Chapter 2 continues the promise of restoration by reversing the judgments of “No Mercy” and “Not My People” (2:1). Note that along with Jezreel (1:11), God has now promised to overturn the judgments symbolized by Hosea’s children’s names. God then calls Israel to repentance. She (Israel) has left her Husband (God) and played the whore (v. 2). God is offering a chance to repent before meting out the judgment of removing her from the land and sending her into captivity, a parallel to the wilderness wanderings on the “day she was born” where God provided water for her thirst (v. 3). God can undo what He has done for Israel.
The lovers in verse 5 are false gods. Israel turned their back on the true Provider (see v. 8) and have shamefully worshiped idols. Once God removes all blessing (v. 6, 9), Israel will try to return to YHWH (v. 7), but for the wrong reasons. So God will end her empty religion (v. 11) and let her have only what the false gods she worships can provide (vv. 12-13).
Yet God will use the judgment of Assyria as a way to call Israel back to Him (v. 14). In verse 14-15, God is telling Israel that He will give her a “do over.” He will bring her back through the wilderness like when He saved her from Egypt. And He will give her provision and hope where before there was disobedience and death – the Valley of Achor being a reference to the sin of Achan in Joshua 7:10-26 (Achor means “trouble”). This “do over” will be when Christ comes and preaches repentance. Most of Israel will not take advantage of God’s mercy.
In verse 16, God points to the ultimate salvation in Christ, our Bridegroom (see Eph 5:32, Rev 21:1-2) in the New Heaven and the New Earth. Every false god will be destroyed, and God will restore His perfect creation (vv. 17-18). There will be no more war (see Ps 46:9, Isa 2:4) and we will dwell securely (see Jer 23:6, Rev 21:4). We will be with our Bridegroom forever (vv. 19-20). And we will know the Lord truly (see Jer 31:34, Hab 2:14, 1 John 3:2).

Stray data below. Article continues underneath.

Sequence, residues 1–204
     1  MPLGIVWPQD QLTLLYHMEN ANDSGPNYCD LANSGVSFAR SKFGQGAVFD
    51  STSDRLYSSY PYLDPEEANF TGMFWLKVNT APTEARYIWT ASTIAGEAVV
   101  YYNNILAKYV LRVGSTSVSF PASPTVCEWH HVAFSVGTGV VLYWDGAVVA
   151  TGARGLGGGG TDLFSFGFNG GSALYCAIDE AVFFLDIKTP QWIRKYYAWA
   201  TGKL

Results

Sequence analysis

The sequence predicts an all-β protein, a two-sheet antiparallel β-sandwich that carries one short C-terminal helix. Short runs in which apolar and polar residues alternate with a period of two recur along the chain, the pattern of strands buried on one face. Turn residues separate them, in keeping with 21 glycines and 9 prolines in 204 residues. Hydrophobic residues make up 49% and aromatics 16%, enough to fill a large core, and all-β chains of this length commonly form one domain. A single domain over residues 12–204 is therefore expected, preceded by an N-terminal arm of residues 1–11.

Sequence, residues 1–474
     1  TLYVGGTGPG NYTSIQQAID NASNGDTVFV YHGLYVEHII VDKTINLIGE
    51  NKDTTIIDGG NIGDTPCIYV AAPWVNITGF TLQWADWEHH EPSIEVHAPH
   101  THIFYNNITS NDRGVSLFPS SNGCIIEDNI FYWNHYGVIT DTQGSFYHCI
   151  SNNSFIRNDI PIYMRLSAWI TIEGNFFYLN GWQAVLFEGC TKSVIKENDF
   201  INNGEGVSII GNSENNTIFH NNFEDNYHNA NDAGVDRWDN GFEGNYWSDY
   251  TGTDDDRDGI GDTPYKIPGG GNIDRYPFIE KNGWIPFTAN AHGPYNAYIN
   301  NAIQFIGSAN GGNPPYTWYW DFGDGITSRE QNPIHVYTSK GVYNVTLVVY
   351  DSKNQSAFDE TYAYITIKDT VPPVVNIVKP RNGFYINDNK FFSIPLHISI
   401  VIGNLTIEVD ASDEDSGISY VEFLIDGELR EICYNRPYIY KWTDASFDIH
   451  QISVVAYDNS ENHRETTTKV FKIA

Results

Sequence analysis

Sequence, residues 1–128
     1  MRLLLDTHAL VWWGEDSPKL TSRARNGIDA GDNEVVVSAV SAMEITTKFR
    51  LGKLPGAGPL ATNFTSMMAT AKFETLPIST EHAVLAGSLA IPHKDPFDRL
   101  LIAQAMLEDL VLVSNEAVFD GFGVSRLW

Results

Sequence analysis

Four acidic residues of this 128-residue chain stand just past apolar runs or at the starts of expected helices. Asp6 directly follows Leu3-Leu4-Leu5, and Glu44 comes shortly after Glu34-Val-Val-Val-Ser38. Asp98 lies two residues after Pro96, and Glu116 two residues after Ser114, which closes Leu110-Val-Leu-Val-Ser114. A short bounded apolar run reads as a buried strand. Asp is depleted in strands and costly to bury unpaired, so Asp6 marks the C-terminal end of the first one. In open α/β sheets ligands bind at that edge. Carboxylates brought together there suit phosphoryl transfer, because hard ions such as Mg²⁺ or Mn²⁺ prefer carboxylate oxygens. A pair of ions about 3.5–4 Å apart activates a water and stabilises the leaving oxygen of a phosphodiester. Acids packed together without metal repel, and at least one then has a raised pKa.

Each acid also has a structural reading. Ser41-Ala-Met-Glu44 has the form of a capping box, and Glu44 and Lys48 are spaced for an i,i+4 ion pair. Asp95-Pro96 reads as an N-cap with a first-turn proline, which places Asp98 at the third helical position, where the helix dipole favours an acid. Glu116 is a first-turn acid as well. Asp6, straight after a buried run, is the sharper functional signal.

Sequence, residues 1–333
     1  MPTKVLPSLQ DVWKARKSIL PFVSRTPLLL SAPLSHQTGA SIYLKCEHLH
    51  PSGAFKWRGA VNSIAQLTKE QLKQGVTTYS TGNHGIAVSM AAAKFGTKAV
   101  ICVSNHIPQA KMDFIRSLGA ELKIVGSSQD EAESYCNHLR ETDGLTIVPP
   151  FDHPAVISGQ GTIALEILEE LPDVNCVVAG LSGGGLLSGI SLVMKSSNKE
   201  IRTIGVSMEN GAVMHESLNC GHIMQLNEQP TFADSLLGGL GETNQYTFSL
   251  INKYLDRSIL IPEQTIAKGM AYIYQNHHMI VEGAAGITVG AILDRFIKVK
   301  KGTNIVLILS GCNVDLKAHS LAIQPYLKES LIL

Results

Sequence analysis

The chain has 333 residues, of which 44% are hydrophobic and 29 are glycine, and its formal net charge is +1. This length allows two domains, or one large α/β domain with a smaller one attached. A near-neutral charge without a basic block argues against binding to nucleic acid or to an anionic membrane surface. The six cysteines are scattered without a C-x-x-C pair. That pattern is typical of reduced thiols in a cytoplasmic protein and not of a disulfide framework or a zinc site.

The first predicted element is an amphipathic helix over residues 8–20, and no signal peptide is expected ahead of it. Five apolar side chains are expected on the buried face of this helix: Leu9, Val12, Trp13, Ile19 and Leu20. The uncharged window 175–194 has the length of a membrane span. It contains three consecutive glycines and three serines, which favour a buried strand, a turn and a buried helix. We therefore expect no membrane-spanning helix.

In verses 21, we have a reference to the witness of heaven and earth God spoke of in Deuteronomy 30:19. They will one day bear witness to the blessings God gives His people. God will plant His people (vv. 22-23), and He will have mercy on a people He formerly had no mercy on and will call His people who were formerly not His. The New Testament applies these verses to the church (Rom 9:23-26, 1 Pet 2:9-10).
In chapter 3, Hosea is now told to marry an adulteress. Now, Hosea is a type of YHWH Himself. He loves the adulteress even though she has forsaken her husband (3:1). Verse 3 is a call to repentance. This is the “do over” God will give to Israel. In verse 4, God tells Hosea that Israel will go through a period of time where they will have no king, no sacrifice, and no priest. In verse 5, He tells Hosea that there will be a time when they will again seek Him and “David their King”. And those who repent will come to God “in the latter days.” This is similar to what God promised Israel in Deuteronomy 4:25-31. Note there again that heaven and earth will be a witness against them, and they will be removed from the land. But “in the latter days” they will obey Him, a merciful God. In Hosea, we see these same themes, but that these “latter days” will be when the Davidic King comes. This is when Christ will come to call them to repentance (see Matt 15:24).